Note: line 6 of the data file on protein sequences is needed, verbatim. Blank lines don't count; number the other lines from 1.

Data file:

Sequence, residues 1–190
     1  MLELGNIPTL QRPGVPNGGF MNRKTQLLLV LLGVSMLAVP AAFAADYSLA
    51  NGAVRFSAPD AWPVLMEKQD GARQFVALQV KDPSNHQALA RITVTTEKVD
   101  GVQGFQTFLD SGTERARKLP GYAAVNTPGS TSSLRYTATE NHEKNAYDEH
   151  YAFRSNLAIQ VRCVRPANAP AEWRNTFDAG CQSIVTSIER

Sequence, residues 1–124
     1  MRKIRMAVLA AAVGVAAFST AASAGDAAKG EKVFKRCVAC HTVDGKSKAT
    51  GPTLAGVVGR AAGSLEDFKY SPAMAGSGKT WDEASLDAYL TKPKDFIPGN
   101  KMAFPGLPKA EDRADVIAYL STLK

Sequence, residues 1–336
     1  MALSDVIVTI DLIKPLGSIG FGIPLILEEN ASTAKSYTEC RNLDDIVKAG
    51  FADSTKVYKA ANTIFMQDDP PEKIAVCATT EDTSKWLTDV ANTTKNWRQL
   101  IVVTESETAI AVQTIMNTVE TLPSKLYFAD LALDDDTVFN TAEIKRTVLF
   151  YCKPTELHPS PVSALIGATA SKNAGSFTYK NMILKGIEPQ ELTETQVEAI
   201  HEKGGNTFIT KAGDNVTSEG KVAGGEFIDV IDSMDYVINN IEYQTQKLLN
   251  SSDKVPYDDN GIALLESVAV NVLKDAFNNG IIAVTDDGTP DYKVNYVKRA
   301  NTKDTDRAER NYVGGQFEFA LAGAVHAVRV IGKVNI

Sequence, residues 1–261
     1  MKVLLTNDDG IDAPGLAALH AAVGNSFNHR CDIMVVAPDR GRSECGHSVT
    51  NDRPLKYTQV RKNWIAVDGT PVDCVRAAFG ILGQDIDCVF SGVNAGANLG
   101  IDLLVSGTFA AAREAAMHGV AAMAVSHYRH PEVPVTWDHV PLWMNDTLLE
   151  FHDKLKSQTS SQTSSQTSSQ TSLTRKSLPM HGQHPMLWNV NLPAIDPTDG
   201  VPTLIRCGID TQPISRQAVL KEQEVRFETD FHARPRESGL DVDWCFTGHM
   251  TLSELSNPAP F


Sequence, residues 1–124